Sue, a foster mom, scheduled an animal communication session with me to help Sandy, a dog in her family’s care, get ready for her new home. Since this story brings tears of joy, I want to share it with you!

Sandy the Aussie

Sandy’s family surrendered her because of some physical issues. To help Sandy find a new home, the wife contacted the Aussie Rescue & Placement Helpline. So when I “met” Sandy, she lived with her foster family while awaiting adoption.

Confused and sad

Once the medication was given for Sandy’s physical symptoms, they disappeared. But Sandy acted confused and sad. At times, she panted and drooled. Sadly, Sandy didn’t initiate play with either Crash or their other dog, Cody. Seeming withdrawn, Sandy had a hard time showing affection.

Our animal communication session

Not the beloved puppy

When I connected with Sandy, she shared her deep desire to be the “beloved puppy” (no matter what her age). She wanted to be her family’s pride and joy. But she wasn’t.

She was devastated

Her family gave her up and it devastated her. To help her heal, I let her express that sadness fully and told her how sorry I was. Then her foster Mom, Sue explained how much they enjoyed her (I communicated that for Sue). And that she’d be a wonderful companion. Sue and I asked her to let go of the past. We suggested she enjoy life with Sue’s family. Finally, Sandy learned that she would have a forever family who loved her deeply.

After the animal communication session – emails from Sue

“Thank you again for your help today with Sandy. The difference AMAZES me. She relaxed, bounces around, and is generally 90% more social. I told her about her new parents and she just started hopping around and barking. I asked her if she wanted to be their Princess and she gave her happy bark.

“Even my husband, who is usually a bit of a skeptic, noticed a difference in her demeanor when he got home tonight. So much of the sadness in her eyes is gone. What a difference.

“Sandy meets her new family on Saturday. I assured her that if she does not like anything about the home that she will come back here with us.”

More good news from a second email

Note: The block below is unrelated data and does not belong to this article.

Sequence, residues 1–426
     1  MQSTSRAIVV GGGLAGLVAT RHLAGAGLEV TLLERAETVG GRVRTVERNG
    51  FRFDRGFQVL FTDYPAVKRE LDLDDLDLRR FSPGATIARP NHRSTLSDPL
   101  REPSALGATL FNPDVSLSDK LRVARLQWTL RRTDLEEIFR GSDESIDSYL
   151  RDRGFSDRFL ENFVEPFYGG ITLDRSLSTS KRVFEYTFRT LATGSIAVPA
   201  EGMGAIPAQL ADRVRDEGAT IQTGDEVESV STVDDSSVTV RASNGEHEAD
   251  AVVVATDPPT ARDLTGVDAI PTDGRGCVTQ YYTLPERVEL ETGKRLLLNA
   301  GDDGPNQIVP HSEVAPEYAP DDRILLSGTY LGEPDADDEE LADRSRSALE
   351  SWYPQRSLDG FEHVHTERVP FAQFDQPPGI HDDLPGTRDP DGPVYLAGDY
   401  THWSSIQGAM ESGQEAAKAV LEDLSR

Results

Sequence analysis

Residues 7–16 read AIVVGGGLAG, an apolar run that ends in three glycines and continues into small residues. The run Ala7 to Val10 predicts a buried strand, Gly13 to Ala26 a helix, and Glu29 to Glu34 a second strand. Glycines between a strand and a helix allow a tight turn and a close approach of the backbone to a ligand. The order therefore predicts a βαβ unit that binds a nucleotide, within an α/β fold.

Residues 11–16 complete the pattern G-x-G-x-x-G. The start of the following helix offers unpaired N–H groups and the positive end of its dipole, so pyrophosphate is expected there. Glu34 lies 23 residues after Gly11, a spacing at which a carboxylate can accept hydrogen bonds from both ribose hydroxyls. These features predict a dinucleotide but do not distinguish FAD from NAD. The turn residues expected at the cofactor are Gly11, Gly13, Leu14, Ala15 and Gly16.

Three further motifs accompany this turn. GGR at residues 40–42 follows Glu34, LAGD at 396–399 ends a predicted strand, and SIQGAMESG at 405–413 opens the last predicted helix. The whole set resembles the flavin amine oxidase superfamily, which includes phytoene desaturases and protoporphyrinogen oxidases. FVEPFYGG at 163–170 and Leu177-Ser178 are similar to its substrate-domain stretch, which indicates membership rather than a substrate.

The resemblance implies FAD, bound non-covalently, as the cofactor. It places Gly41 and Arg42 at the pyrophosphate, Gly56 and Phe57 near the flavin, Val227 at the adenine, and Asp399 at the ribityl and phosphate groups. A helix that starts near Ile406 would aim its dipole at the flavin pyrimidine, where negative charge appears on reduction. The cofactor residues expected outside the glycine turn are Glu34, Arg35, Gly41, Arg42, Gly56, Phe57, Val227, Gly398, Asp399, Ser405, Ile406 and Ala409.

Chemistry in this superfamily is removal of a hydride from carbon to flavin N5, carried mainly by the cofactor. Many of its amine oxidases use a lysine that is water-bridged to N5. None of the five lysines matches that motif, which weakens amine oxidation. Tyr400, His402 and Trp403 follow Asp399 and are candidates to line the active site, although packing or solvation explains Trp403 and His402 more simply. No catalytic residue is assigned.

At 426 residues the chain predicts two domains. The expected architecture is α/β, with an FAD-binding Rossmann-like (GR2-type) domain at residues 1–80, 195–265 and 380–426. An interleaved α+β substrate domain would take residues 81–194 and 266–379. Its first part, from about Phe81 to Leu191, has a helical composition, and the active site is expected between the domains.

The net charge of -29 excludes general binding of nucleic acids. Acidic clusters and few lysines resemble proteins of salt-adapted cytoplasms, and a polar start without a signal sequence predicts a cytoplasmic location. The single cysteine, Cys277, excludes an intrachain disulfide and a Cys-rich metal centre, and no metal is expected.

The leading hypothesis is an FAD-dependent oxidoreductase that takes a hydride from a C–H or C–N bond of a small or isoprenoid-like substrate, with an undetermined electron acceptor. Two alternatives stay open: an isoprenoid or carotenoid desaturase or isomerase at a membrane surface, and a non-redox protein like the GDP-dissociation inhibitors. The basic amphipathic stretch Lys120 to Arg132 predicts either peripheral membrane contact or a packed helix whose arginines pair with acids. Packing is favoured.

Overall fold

“Sandy is a different dog! At the moment, she’s playing with Cody! She initiated play!!!! WOW. Of course, Cody was shocked but still a triumph for sure.

“And now she has jumped up on the couch next to me.  Oh my, how wonderful! I have been calling her Princess Sandy since yesterday. She had her spa day today and likes being cleaned up.  Her new family is going to love her and she will love them.

  • PS Sandy just jumped in my lap and gave me a kiss! Happy girl!”

And finally from our foster mom

“The family adopted Sandy! When we arrived at the home, she ran up the steps to the door and immediately made herself at home.”

“They even hung a stocking on the fireplace for her.

“When I asked her if she liked her new home, she gave me a happy bark. Besides her new parents, Sandy has a sweet kitty to keep her company — she loves cats.”

“Welcome Home Sandy and Merry Christmas!”

Final thoughts

Families rehome or surrender their animals for a number of reasons. Sandy is lucky to have been fostered by a wonderful, understanding family! And the ARPH found her a new family that finds her delightful!

Since I’m retired Navy, I salute the Rescue Organizations, Shelters and Foster Families who take this work on! A grateful animal communicator thanks you!

Read Before you take your animal to the shelter.

Read Pet Adoption 101: What to Do Before, During and After a Shelter Visit

Does your foster or shelter animal need help?

Let’s find out what’s going on!